A Life Transformed
It was Good Friday 2011 and a local church was hosting the first-ever "Great Exchange" outreach at UGA. The white tent, the banners, and the table caught my eye as I made my way to grab lunch. I was finishing my second year as the faculty advisor for UGAtheists- a campus organization for the decidedly unreligious, geared especially towards the separation of church and state. Two years earlier, I jumped at the opportunity to lead this group. I wanted to become the leading voice of the "New Atheism.”
I had thrown off what I understood to be the shackles of my religious upbringing while completing my master's and doctoral requirements. A fledgling scientist, I had developed a powerful desire for science to be able to explain all of the great questions of life. This felt empowering, freeing, and even exotic against the legalistic Christianity I grew up with.
Yet, two years into that project, I was looking for the backdoor out. The more I tried to deny God's existence, the more it became obvious that atheism couldn't possibly be true. I was convinced that we inhabit a world of moral facts. There are instances of real right and real wrong, true good and true evil. Atheism can't support that basic truth. So, I had developed a "head problem" with atheism.
But there was also a "heart problem". I was on the receiving end of a divorce in 2008, but remained very involved in the lives of my three young daughters. One day in 2011, I received a text from my ex-wife that our oldest daughter, Annabel, was going to be water baptized the following Sunday, following her profession of faith in Jesus. I sneered and showed the text to an atheist friend.
"If I go, the walls might fall in!" I jested.
"Well, you should probably go," my atheist friend responded. "You can always sit her down and use reason to talk her out of her faith later. Just go, smile for a picture with her, and be a good dad."
That seemed like good advice to me.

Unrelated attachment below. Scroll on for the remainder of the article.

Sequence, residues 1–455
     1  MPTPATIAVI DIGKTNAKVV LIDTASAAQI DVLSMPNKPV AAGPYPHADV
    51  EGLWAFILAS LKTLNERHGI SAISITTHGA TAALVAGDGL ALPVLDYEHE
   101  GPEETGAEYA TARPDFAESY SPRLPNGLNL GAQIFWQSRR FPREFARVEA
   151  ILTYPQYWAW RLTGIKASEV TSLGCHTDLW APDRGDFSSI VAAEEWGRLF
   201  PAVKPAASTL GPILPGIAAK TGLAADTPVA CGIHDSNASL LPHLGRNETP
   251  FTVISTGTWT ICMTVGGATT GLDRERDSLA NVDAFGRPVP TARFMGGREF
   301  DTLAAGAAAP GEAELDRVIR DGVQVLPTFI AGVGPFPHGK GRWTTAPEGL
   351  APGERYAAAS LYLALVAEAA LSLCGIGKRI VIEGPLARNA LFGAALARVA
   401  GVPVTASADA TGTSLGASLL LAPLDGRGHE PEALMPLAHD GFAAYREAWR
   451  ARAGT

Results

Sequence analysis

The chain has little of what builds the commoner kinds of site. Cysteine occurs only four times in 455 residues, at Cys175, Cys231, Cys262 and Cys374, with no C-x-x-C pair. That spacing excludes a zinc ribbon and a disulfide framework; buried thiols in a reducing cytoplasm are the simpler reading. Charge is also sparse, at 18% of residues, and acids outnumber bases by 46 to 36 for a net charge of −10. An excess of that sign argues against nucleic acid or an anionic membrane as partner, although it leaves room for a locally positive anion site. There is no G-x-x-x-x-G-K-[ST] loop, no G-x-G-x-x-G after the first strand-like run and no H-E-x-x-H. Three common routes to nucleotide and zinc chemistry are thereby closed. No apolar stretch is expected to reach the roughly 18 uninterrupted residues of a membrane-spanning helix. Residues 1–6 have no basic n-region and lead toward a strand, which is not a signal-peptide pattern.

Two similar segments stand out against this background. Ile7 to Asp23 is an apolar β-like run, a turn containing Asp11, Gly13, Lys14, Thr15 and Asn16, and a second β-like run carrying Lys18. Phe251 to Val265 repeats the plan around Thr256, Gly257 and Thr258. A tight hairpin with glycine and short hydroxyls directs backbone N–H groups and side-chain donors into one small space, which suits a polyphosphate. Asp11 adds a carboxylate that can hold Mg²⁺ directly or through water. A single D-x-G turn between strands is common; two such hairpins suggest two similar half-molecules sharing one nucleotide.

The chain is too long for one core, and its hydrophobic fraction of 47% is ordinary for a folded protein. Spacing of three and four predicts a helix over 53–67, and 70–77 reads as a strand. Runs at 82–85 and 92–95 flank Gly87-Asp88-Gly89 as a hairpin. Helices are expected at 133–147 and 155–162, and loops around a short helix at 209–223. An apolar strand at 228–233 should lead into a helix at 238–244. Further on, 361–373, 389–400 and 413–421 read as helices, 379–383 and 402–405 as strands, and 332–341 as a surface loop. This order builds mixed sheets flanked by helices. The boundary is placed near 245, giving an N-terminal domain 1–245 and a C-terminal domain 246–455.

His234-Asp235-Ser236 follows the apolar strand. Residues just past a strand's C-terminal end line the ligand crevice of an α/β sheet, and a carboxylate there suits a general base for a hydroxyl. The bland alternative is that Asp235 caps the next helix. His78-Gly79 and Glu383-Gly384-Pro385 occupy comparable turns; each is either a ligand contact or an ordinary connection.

However, something entirely unexpected happened after her baptism. Instead of annoyance and frustration, I experienced an inexplicable yet undeniable sense of joy. Annabel's decision to follow Jesus made my heart glad. But how did that make sense?
On campus, I was doing everything I could to oppose and undermine the Christian faith.
By semester's end, I had decided atheism wasn't for me. I'd inform UGAtheists that I was "too busy" to serve them in the future, and I'd privately go back to acknowledging a "higher power"--"God as I understand him". I would be spiritual, but not religious. I especially wanted to spend some time investigating the historical Jesus, because the undeniable historical shadow of the Nazarene still fascinated me. I reassured myself that there was no way I'd ever go back to believing the whole Bible was true like I did growing up. That was definitely not where I was headed on this new journey.
But God had other plans. At that first-ever Great Exchange, I met a pastor named David Holt. He was fascinated with my journey. We talked for an hour that day then began meeting every week for coffee. I listened with open ears and reevaluated the extraordinarily powerful case for Jesus' resurrection. But I was stuck at about 50/50 believing that it actually happened. David asked me if I had a Bible at home. (I did.) He issued a challenge: To read the Gospel of John with fresh eyes before we met the following week. I told him I would, all the while thinking to myself, "I'll do it, but it won't make a difference. After all, I already know the gospels say Jesus rose from the dead".
So, I went home...and I put it off. That is, until the evening before my next meeting with David. I was cleaning my apartment when I happened across my old NIV Study Bible from high school, housed between two neuroscience textbooks. I remembered I gave David my word that I would read John.
"Okay, I'll do it, but it won't make any difference. I'll still be 50/50 on the resurrection." I recalled the prayer David said to pray. "Lord, if what this says about Jesus is true, reveal that in my heart in a way that I cannot deny as I read." That seemed fair, so I did it. I sat down alone on my sofa and cracked a Bible for the first time in several years.
I encountered many familiar stories as I worked my way through the chapters. For reasons I don't understand, the Holy Spirit used John 11 as the game-changer. Jesus comforts Martha, the sister of Lazarus (his close friend), with these words after Lazarus gets sick and dies: "I am the resurrection and the Life. Whoever believes in me will live even if he dies, and whoever lives and believes in me will never die" (John 11:25). Then Jesus extends his hand, lifts Martha's chin, looks her in the eyes, and asks, "Do you believe this?"
I knew beyond any doubt that Jesus was asking me the exact same question. And, like Martha, I knew he is who he claimed to be and that I absolutely trusted his voice. In that moment, I knew that acknowledging this truth of all truths must forever change my life. It would determine how the second half of my life would begin and how it will end, until I leave this world to look into those same eyes--the eyes of Love Incarnate--that Martha saw on the day her brother was raised from the dead!
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